Do not neglect doing good and sharing, for with such sacrifices God is pleased.
In the parable of the good Samaritan, the contrast between the Samaritan and the two religious leaders is striking. The religious leaders who ignored the man in need represented the lawyer, who was trying to restrict God’s law. But the Samaritan did not allow legalism to limit his love. That is, he did not twist God’s law as an excuse for not ministering to this person who was different than he was. It is very easy to come up with self-righteous reasons not to minister to people. But we should never allow some artificial standard to limit our love for people.
The Samaritan also did not allow race or religion to limit his concern. The Samaritan could have said, “I would like to help you, but we have a different ethnicity.” Or, “Maybe somebody from your own denomination ought to help you.” Instead, the Samaritan refused to allow race or religion to limit his concern, and the same should be true for us. In heaven, everybody is not going to be the same skin color or from the same economic background, but what we will have in common is our love for Jesus Christ. That is what the church ought to be too. We should never allow race or religion to limit the people that we reach.
Finally, the Samaritan refused to allow inconvenience to limit his sacrifice. Luke 10:33 says this Samaritan was on a journey. But he was willing to sacrifice his schedule to meet the real need of somebody around him. Some years ago, I was getting ready to preach a sermon on the good Samaritan. When I went into my office that week, I found a pile of correspondence to return. In the stack, there was a long, involved email from a woman in Illinois about a personal problem she needed help with. I am ashamed to tell you that my first response was, “I do not have time for this! Here is a woman living in another state, while I have thousands of my own members who need caring for. If I start answering detailed emails like this, there will be no end to it.” And then it hit me: “Robert, you are getting ready to preach on the good Samaritan this Sunday. Here is a woman who has a need that you have the capability of meeting. What is on your calendar that is so important you cannot stop and answer this woman’s question?”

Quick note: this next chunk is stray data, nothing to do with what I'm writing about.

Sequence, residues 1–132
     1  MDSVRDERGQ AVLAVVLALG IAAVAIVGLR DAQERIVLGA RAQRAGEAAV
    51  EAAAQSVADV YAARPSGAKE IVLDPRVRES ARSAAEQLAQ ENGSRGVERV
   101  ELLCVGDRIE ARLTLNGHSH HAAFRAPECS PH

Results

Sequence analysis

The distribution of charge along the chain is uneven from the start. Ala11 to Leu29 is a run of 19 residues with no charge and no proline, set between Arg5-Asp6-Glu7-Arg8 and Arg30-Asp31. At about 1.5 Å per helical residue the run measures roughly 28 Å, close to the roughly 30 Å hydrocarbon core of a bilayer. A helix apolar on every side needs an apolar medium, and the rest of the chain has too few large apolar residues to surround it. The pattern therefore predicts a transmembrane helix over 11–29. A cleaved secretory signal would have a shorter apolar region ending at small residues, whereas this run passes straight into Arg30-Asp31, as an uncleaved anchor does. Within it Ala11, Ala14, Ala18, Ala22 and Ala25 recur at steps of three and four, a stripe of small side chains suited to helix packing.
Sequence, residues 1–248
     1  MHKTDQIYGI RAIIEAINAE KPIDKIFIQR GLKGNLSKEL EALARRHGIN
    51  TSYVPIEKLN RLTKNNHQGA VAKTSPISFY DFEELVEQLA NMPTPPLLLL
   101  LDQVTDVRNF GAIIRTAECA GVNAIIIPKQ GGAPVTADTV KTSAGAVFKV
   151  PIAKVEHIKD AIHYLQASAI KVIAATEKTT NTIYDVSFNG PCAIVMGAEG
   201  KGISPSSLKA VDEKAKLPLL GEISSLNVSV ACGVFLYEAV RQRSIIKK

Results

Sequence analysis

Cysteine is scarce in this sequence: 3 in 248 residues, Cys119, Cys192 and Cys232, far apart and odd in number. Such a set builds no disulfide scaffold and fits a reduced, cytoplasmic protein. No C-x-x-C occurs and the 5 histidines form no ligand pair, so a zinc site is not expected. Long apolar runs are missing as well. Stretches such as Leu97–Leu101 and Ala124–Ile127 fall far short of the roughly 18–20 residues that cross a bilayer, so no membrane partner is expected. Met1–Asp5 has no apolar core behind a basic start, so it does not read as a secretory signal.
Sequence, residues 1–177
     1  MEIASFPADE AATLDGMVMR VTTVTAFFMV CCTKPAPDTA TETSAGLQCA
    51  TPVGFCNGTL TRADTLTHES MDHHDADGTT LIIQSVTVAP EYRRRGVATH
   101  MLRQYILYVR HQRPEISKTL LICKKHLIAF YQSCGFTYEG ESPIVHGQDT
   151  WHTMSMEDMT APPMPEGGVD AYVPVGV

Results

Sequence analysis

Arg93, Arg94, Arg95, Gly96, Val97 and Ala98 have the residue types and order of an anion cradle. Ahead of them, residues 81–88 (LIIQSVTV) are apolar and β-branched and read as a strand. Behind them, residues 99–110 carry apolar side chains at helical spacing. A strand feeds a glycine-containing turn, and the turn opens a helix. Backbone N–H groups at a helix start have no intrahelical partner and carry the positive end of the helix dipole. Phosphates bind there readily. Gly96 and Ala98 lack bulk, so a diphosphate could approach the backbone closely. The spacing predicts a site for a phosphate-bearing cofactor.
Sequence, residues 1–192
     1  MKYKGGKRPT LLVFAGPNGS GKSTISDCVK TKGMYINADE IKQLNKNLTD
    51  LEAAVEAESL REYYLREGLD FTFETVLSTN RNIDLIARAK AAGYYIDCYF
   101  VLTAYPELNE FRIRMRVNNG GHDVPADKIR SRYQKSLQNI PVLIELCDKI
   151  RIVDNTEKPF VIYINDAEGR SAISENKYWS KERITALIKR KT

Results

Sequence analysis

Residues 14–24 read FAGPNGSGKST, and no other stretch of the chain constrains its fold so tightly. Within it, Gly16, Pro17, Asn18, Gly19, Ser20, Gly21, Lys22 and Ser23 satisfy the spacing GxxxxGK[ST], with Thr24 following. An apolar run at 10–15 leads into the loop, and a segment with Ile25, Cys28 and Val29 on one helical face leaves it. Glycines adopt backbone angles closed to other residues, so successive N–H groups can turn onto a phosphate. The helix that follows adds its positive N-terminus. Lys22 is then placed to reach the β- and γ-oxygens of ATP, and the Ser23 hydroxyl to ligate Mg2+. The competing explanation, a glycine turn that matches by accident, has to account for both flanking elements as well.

When you look at the life of Jesus, some of His most important miracles were interruptions in His schedule. He was on His way to a girl who was dying when He healed the woman with the issue of blood (Luke 8). He was in the middle of a sermon when a paralyzed man was lowered down through the ceiling. Jesus stopped, healed him, and gave one of His greatest messages on forgiveness (Mark 2). We should never allow personal inconvenience to limit our sacrifice.
Today’s devotion is excerpted from “A Stranger In Need Meets A Neighbor In Deed” by Dr. Robert Jeffress, 2008.
Scripture quotations taken from the (NASB®) New American Standard Bible®, Copyright © 1960, 1971, 1977, 1995 by The Lockman Foundation. Used by permission. All rights reserved. www.lockman.org